Sunday, July 21, 2019

Morocco 2019 - Day 3 (7/16/2019) - Fes

We continued the trend of getting a late start, not making it down for breakfast on the hotel balcony until 10:45am.  My shoulder was even more uncomfortable going to bed the night before, and I relented to Fran's suggestion of taking a couple of the Aleve pills that she had brought.  This helped greatly, as I was able to get several hours of uninterrupted sleep; and much of the inflammation was gone for the better part of the next day.

The breakfast spread that they brought to us was large, with several types of breads and pastries, yogurt, mini cheeses, eggs, and orange juice.  Unfortunately, though, the lack of appetite that I had experienced at breakfast the past couple of days continued; I was only able to stomach a yogurt, a small slice of pound cake, and some juice.  For some reason my mouth was just too dry to eat more bread - I'm not sure if it was due to lack of hydration, anxiety about getting sick from the fruit (it didn't help that the prickly pear that the hotel butler had bought us off the street the day before was the likely cause of mild diarrhea for both of us), the hot climate, or anxiety about my shoulder.  In any case, my lack of appetite thankfully this didn't stop Fran from digging in.

After eating and drawing up a rough plan for the day, we walked out to try to find our "friend" Mohamed (the student who had offered to show us around the day before) at his regular hangout by a nearby water fountain.  But we first came across another young man, who turned out to be a friend of Mohamed's (his name was Reda, if I remember correctly), who offered to take us around.  The two of them tag-teamed to be our unofficial guides for the next almost 3 hours.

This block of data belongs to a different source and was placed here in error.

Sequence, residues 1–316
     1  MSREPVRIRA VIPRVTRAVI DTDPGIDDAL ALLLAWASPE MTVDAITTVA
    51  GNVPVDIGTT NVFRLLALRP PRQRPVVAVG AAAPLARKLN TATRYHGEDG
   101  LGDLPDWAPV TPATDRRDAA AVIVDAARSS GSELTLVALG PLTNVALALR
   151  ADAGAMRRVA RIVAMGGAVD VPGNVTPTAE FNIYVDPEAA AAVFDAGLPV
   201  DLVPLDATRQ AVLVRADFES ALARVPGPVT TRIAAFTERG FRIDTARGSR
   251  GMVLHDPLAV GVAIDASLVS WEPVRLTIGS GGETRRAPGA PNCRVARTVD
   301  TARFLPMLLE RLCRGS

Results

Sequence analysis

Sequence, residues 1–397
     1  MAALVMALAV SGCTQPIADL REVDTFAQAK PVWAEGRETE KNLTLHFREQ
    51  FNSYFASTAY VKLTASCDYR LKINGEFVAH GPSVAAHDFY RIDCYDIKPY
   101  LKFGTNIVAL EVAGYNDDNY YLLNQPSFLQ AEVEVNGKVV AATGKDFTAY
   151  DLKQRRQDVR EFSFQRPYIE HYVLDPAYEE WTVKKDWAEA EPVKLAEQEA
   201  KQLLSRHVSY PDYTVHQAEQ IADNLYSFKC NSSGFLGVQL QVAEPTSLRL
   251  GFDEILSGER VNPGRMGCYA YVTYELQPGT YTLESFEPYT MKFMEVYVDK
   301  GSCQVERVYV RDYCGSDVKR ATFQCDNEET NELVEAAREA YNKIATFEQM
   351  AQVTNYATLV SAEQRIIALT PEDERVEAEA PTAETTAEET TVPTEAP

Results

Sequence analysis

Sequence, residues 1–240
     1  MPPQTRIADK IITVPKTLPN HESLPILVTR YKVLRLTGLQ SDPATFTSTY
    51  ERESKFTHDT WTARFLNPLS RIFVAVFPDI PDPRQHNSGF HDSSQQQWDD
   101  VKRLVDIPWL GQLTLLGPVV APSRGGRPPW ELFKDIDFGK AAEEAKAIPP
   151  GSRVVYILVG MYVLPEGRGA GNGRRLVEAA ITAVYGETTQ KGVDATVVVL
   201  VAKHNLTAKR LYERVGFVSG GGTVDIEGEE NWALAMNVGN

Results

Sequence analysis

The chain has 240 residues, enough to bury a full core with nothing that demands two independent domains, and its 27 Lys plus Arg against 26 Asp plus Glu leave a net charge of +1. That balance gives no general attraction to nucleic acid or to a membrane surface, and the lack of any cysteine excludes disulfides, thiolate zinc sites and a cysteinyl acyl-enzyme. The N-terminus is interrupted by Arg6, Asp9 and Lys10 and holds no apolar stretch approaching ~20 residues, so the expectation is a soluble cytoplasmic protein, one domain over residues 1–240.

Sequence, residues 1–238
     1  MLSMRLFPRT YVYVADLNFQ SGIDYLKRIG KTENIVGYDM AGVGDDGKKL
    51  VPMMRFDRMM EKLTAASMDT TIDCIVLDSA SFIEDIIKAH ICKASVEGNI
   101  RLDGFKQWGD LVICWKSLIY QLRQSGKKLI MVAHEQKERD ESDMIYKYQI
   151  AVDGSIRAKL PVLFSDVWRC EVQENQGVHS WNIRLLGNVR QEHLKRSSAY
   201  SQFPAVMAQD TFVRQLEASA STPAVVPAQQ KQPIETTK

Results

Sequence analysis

The medina in Fes is a maze of narrow streets and alleys, some lined with shops or workshops, others with markets, and many just living and community quarters for the people of the city.  The advice that Fran had read and received was to get a guide to explore the medina.  As is to be expected, these guides also have agendas beyond showing your around.  Mohammed and Reda took us to several shops where they had connections, I'm sure in return for some sort of kickback of any purchases made.  Luckily, a couple of them (a carpet maker and a ceramic shop) were places where Fran wanted to buy items for herself or others anyway.  They also took us to a tannery, which was interesting to see (with the vats for removing hair/fat, and for dying the leathers), and a high-end Moroccan antique shop (much less interesting).  Non-shopping stops included a view from near the top of the highest hill in the medina (which was unfortunately also a trash dump), and a terrace overlooking the emerald green shingles of Karaouiyne Mosque and University (though it annoyingly took a bit of prodding to get the view of the mosque; perhaps because people generally charge to get the view from their terrace, so Reda had to pay for it (or so he claimed)).  By the end of the couple of hours wandering through the crowds, the alleys, the markets, the donkey dung, and everything else, I had worked up quite a sweat; though it was not nearly as bad as it could be given the temperature in the low 90s, as most of the alleys of the medina are in the shade.  It was also interesting to deal with the fact that our two guides were operating in the black market; at times (especially in the highly trafficked areas), they would have to simply point us the the direction to go and then either walk far ahead of or behind us so that they would not be stopped by police for not having a guide license.  We ended the tour back at the pathway to the hotel, with us paying them each 200 Dirham, plus 100 more for the terrace (there was poor price discovery and negotiating on our part, so we likely overpaid significantly; but, first world problems...).